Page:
This part displays the discussion of the results, and conclusion suggestion for future research.
Discussion of The Results
This part provides a debate of the results that expose the value relevance of free cash flows indicators in explaining the stock returns and corporation’s performance. This paper relies on the FCFF and FCFE theories. The FCFF theory that indicates the relative usefulness of the FCFF is greater than the usefulness of the FCFE in interpreting the performance of a corporation as a whole (ROA). The FCFE theory that indicates the relative benefit of the FCFE is greater than the benefit of the FCFF in explaining stock prices of a corporation (R: stock returns). This study found poor consistency with the previous literatures’ consensus regarding the FCFF and FCFE theories. This result is dissimilar to previous studies that found significantly strong positive role of these variables in explaining the performance and stock returns at various countries (Salem and Khasharmeh, 2007; McGowan & Moeller, 2009; Thanatawee, 2011; Pouraghajan et al., 2012; Kaviani, 2013; Al Zararee & Al-Azzawi, 2014; Heydari et al., 2014; Rupic et al., 2017; Ahmed et al., 2018; Ragab & Hani, 2018). The results achieved by this study were in contrary to the positive accounting theory due to many factors such as:
1. Inefficient PEX at the semi-strong level or at the weak level (Awad & Daraghma, 2009).
2. Lack of informational skills of Palestine Exchange stockholders (Daraghma, 2018).
3. Generally, Palestinian companies do not disclose the FCFF and FCFE within their financial statements, due to non-availability of such data (Daraghma, 2018; Daraghma, 2019).
4. Most stockholders in Palestine aren’t experts’ investors (Daraghma & Aqel, 2011; Abu Kars & Daraghma, 2016).
Palestine has adopted international accounting standards since 2005. And the statement of cash flows should be included in the published financial report of the Palestinian corporation that listed on the PEX based on (IAS 7). Despite that, the role of free cash flows is distorted. For that reason, most of Palestinian stockholders mistakenly understand the accounting numbers. Hence, it becomes the responsibility of the Palestinian corporations and the PEX to improve the financial culture of the current and potential stockholders to understand accounting figures in the correct manner.
Conclusion Suggestion for Future Research
The main objectives of this paper are:
1. Examining the usefulness of the FCFF and the FCFE in explaining company’s performance and its stock returns from the reality of the PEX.
2. Exploring the FCFF theory that indicates the relative usefulness of the FCFF is greater than the usefulness of the FCFE in interpreting the performance of a corporation as a whole (ROA).
3. Exploring FCFE theory that indicates the relative benefit of the FCFE is greater than the benefit of the FCFF in explaining stock prices of a corporation (R: stock returns). The sample consisted of 18 corporations that listed on the PEX (9 industrial and 9 service) which signify 37.5% of the inventive study population. This paper employs descriptive statistics, Jarque-Bera test, correlation matrix, regression analysis, and Akaike info criterion for model selection using data from 2015–2019. Based on the obtained results, there is no role of the FCFF and the FCFE in explaining company’s performance and its stock returns. Also, the findings are inconsistent with the theories of the free cash flows.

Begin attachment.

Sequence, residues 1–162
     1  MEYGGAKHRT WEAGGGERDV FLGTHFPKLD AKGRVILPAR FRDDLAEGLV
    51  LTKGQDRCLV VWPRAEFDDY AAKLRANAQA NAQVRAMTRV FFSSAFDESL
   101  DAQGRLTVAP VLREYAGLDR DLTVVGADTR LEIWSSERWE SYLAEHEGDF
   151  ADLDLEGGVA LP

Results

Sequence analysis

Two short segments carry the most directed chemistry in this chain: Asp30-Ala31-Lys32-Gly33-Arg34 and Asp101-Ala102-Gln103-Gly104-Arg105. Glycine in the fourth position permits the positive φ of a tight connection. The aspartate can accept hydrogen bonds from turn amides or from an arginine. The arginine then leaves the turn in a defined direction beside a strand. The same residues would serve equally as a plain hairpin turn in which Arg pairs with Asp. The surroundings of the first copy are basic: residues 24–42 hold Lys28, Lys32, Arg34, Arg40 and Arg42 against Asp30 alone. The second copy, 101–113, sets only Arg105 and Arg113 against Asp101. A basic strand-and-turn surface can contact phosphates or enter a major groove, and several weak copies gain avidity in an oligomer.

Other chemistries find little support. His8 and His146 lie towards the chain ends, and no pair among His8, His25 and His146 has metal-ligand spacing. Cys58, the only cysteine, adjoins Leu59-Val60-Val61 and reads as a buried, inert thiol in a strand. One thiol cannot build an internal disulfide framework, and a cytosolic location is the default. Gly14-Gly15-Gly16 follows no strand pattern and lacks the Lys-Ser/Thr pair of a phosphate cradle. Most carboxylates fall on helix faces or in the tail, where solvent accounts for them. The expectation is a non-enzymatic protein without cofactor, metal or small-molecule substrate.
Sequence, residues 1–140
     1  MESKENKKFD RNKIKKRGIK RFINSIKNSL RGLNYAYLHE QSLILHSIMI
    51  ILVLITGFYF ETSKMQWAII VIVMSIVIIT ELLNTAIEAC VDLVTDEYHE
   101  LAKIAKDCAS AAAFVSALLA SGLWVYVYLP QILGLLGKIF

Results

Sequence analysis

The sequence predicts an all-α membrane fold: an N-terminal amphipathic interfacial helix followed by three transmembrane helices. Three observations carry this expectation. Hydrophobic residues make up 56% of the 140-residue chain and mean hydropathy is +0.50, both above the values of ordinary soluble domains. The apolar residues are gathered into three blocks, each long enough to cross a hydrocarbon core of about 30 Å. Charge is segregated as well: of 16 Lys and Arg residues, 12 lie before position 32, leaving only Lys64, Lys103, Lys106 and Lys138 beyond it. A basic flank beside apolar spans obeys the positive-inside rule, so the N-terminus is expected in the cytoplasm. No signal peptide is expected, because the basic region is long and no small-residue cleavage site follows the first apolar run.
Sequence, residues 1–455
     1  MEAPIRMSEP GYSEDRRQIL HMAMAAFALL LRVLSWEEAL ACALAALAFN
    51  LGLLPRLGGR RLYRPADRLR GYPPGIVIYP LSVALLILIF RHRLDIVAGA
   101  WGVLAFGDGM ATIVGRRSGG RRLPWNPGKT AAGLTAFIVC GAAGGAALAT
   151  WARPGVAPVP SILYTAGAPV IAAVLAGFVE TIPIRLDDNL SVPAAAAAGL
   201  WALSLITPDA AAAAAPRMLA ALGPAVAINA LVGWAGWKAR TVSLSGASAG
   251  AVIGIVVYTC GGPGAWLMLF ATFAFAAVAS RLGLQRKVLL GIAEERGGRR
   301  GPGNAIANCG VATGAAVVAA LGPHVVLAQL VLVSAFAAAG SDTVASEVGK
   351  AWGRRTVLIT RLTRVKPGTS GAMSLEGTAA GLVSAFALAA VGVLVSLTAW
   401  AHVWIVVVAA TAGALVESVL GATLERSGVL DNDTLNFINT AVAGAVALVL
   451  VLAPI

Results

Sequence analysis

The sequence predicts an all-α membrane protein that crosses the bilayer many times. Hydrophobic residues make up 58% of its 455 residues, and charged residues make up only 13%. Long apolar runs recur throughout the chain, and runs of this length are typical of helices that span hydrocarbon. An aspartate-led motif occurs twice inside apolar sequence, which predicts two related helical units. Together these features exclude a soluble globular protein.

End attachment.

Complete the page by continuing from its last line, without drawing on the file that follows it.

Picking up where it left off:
Similar to other papers, this paper is riddled with limitations, and from these limitations, the paper suggests directions and further work for future pragmatic studies. The current paper focused on the corporations that located in the West Bank while the firms that located in Gaza Strip were ignored due to the political circumstances. Future authors could explore this issue from the reality of Gaza Strip. In the current paper, the researchers also concentrated on some accounting indicators of the free cash flows. Accordingly, future studies can integrate other accounting figures, free cash flows indicators, and disclosure requirements for free cash flows data. We do not examine the impact of the compliance with the IAS 7 (cash flows statement) instructions on the stock returns or performance of the corporations that listed on the PEX. We leave this interesting area for further research. Other limitation of this paper is the data that gathered from two sectors (industrial and service). Future authors could explore this issue by analyzing the data of the banking, insurance and investment sectors. Additionally, future authors can extend the reasons of a lack of value relevance of free cash flows indicators in Palestine. We recommend other authors to explore the usefulness of all cash flows indicators in other stock markets. Also, this study recommends the future studies to consider the impact intermediate variables (e.g. firm's growth, firm's level of risk and firm's size) on the specifications of this paper. Although the previous mentioned limitations, this paper provides new knowledge that proved the existence of huge gap in the role of free cash flows indicators in explaining the performance and stock returns of the listed industrial and service corporations on the PEX.
Finally, yet importantly, this paper recommends the Palestine Exchange and the leaders of the listed corporation on the PEX to take a decision that effectively leads to improve the financial culture of current and potential shareholders in Palestine. It also recommends the PEX and its listed companies to comply with the disclosure requirements and in accordance with the international accounting standards, and follow efficient stock markets practices. We think that the accounting education, Palestinian Auditors Association, corporations, accounting bodies, and Palestine Exchange in Palestine should correct this shortcoming rapidly.